The First Church of Climate Change demands absolute fealty lest Mother Gaia smite thee mightily with a fearsome blow. This is why, for example, true believers such as Barack Obama only purchase property guaranteed safe from rising sea levels and … oh, wait …
Nevertheless, intrepid defenders of the faith are unceasing in their efforts, demanding who do you believe: them, or your lying eyes and ears. The latest foray involves recently circulated photos of Sydney Harbor taken some 140 years apart.
Let the outrage begin, courtesy of Reuters:
It is not possible to gauge sea level rise simply by comparing two images of a location side-by-side, experts told Reuters, despite claims made online.
Oh, really. Do tell.
The photographs may reflect “different tidal stages,” Gary Griggs, Distinguished Professor of Earth and Planetary Sciences, University of California, Santa Cruz, told Reuters.
An absolute global rate of sea-level rise has been recorded since 1993 by orbiting satellites, Prof Griggs said.
“This rate has averaged 3.42 mm/yr. but over the past decade or so has increased to 4.77mm/yr. over the past 10 years,” he said.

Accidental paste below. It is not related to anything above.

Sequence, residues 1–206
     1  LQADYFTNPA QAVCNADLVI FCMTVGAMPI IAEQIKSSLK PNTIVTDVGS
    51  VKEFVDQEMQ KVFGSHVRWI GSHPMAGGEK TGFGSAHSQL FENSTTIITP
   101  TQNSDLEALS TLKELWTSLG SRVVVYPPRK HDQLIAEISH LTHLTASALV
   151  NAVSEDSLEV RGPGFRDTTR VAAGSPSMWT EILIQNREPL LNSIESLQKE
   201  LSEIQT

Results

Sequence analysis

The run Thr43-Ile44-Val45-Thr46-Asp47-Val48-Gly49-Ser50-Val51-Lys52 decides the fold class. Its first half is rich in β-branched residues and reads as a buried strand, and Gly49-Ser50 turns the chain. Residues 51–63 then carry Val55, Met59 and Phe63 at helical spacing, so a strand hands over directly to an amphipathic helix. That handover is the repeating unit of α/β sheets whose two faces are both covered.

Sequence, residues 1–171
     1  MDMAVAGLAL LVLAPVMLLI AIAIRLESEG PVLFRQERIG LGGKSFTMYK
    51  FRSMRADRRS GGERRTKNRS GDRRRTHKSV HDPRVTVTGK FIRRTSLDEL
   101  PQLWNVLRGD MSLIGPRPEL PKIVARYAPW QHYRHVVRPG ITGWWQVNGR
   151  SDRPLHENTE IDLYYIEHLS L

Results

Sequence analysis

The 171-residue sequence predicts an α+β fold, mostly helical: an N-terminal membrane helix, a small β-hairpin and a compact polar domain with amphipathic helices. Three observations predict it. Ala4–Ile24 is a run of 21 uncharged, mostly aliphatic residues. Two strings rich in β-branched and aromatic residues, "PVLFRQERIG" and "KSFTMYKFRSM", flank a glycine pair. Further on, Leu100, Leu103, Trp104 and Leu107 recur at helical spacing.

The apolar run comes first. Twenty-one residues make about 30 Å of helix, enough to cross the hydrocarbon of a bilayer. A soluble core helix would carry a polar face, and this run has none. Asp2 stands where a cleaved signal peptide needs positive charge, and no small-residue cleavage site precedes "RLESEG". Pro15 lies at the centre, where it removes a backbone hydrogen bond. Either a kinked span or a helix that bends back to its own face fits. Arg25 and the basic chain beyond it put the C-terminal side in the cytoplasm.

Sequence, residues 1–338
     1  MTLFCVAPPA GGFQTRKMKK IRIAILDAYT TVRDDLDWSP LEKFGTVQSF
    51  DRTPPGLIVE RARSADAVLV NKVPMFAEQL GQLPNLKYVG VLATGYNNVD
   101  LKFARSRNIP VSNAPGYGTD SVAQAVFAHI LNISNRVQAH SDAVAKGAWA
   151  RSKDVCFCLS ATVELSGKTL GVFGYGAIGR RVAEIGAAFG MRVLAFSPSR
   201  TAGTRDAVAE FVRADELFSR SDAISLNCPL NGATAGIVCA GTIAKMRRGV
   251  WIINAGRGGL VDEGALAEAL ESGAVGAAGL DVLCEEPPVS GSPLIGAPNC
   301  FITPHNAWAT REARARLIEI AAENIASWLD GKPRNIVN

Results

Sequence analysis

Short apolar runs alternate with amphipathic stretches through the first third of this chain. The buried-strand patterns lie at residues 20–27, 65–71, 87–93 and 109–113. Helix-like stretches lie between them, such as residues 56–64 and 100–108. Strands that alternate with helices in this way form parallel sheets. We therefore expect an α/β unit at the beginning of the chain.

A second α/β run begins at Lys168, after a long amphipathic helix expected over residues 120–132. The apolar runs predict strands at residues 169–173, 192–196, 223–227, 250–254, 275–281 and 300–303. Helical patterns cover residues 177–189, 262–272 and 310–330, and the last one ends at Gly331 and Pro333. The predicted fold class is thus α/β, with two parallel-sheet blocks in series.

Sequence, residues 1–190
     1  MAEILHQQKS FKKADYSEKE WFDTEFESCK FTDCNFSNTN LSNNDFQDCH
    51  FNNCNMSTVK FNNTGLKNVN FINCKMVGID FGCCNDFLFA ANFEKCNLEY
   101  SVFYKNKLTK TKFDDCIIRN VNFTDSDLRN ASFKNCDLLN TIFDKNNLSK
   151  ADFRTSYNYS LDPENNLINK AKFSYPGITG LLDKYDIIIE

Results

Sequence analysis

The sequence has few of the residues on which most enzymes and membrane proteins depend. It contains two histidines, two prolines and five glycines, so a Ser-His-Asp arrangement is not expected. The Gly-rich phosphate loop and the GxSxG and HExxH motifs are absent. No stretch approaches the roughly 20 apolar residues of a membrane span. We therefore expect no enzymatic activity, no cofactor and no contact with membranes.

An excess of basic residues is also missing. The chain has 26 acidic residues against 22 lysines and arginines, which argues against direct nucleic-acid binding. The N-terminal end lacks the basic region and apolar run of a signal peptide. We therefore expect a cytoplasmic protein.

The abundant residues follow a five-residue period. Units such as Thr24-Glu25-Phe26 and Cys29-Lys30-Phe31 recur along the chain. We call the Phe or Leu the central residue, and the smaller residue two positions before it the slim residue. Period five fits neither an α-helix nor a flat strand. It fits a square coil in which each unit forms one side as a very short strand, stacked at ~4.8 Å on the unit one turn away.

This begs the question of how sea levels are determined via satellite. Since hanging a giant dipstick from one into the ocean would doubtless prove unwieldy, the method involved is described thusly:
Satellite altimetry is all about timing. Sea-surface height can be measured by the time it takes for radar pulses to hit the ocean surface and bounce back to the spacecraft. Laser altimetry works in a similar manner, as laser pulses bounce off land-ice and sea-ice surfaces. But this method requires precise knowledge of satellite altitude, as well as the terrestrial reference frame (see question on how NASA studies sea level change). Extensive calibration is necessary to ensure the accuracy of altimetry measurements.
So, we’re depending on NASA knowing exactly how high their and others’ satellites are flying to keep tabs on the ocean level. Good to know.